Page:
A bug, not a feature

Bill O’Reilly’s been getting a lot of shit for saying this while attempting to deconstruct calls to abolish the Electoral College…

White men have largely abandoned the Democrats, and the left believes it’s because of racism that they want to punish minorities, keep them down. So that’s what’s really going on when you hear about the electoral college and how unfair it allegedly is. Summing up, the left wants power taken away from the white establishment. The left sees white privilege in America as an oppressive force that must be done away with.

And I say the shit-giving is more than justified (seriously, anyone who buys “all men are created equal” should have no problem seeing all forms of privilege assailed). But I also think a little shit should be reserved for what else he said…

Therefore white working class voters must be marginalized, and what better way to do that than center the voting power in the cities?

Two things. First, the let’s not kid ourselves. Of course there are “white working class voters” in cities. Lots and lots of them. When he compares that group to “cities” he’s really talking about rural whites and urban people of color. But that’s not my point. My point is that calls to abolish the Electoral College are not about making them “centers [of] voting power,” they’re about giving those who live in cities an equal vote to those who do not.

The five largest cities in the country are New York, Los Angeles, Chicago, Houston, and Philadelphia. Those cities are in five of the six weakest Electoral College states, per capita. New York is dead last at 51 in electoral strength (because the District of Columbia gets electoral votes and, in this one way, counts as a state). California, the country’s most populous state, is the 49th most “powerful” electorally.

One voter in Montana is worth four in New York.

Put another way. The top five states by population are California, Texas, New York, Florida, and Illinois. Those states represented in 2015 $7.2 trillion of GDP out of a total of $17.9 trillion. They generated 40% of the nation’s economic output and are home to 37% of its people but don’t even get a third of the electoral votes. And that disparity will only grow over time.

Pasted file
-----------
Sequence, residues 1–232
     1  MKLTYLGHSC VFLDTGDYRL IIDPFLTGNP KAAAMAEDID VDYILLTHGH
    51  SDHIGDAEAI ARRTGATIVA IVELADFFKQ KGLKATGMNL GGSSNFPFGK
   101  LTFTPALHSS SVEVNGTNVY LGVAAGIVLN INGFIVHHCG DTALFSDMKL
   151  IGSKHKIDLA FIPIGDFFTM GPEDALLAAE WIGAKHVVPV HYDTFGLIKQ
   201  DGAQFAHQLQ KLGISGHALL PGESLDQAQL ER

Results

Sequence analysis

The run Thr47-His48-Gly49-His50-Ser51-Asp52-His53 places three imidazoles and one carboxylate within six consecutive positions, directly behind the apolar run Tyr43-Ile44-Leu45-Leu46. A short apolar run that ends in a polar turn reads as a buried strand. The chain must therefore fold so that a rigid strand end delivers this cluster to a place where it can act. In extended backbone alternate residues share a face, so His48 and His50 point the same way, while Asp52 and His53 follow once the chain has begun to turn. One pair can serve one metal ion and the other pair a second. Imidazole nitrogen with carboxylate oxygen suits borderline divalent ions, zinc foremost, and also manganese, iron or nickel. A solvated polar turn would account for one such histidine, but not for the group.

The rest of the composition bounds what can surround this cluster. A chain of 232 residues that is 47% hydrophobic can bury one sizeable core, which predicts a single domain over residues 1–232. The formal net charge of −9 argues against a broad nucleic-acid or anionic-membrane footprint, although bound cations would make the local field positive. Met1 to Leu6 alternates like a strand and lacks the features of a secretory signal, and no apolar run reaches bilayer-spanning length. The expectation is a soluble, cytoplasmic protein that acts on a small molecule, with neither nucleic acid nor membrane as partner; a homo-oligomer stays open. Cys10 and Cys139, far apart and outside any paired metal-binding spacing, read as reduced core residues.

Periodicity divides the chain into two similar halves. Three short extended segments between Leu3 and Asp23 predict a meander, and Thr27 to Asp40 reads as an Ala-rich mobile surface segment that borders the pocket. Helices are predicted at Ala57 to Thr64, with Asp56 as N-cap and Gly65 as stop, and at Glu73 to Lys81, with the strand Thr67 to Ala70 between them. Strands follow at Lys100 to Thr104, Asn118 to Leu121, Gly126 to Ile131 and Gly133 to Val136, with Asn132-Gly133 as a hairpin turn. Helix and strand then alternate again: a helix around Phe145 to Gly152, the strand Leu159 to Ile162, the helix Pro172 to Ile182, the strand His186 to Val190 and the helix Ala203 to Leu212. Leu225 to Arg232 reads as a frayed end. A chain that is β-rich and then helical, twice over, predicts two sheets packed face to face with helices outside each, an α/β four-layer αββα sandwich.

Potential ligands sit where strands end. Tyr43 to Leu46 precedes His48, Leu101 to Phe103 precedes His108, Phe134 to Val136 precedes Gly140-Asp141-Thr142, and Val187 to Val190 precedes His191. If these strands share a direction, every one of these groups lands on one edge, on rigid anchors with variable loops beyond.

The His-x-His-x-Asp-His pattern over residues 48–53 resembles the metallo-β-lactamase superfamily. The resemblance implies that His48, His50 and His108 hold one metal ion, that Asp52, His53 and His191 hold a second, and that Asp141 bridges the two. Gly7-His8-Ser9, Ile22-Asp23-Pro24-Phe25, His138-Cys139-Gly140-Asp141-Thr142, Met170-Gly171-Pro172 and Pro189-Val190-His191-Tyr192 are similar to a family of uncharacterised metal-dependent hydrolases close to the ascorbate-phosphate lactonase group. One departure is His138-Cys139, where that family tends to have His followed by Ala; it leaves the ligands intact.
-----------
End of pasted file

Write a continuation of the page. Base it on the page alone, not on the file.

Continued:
Yes, the founders, in all their wisdom, gave us the Electoral College. But it was born from a union of the nefarious three-fifths representation compromise for slave states and a basic distrust of allowing mere voters to decide who should lead the nation. The first is America’s original sin and indefensible, the second an arguably sensible precaution for the first country on Earth to let people choose their equivalent to a monarch. But as we saw earlier in the week, the college has been stripped of its role as a final check of the electorate’s choice. We’ve already destroyed half the college’s function through state statute leaving only the part that cheats some voters of the full function of their franchise.

Those top five states I mentioned have another distinction. All but one is a foregone conclusion heading into a national political contest meaning they get essentially no attention from candidates other than as a source of campaign donations. It is surreal to endorse a system of representational government that penalizes states for being so successful that lots of people move there.

Just as it’s ridiculous to suggest that just because the Electoral College has always been a part of our lives that it must always be one. We give the founders too much credit. While they certainly did many things right, they did a fair share that were wrong. Like I said, they were first. They were doing something nobody had done before at that scale and, through strength of will and rhetoric, made it work. But we shouldn’t fetishize their choices any more than we should give people like Washington and Jefferson a pass for owning slaves. They fucked up some stuff and knew they were likely to be doing so and expected us to fix what they got wrong.

So no, Bill, killing the Electoral College isn’t an attempt to give some an unfair advantage at the expense of others. It’s the literal opposite of that. It’s about making things finally fair for all when it comes to electing presidents.

The Electoral College isn’t a feature, it’s a bug. And it needs to be edited out.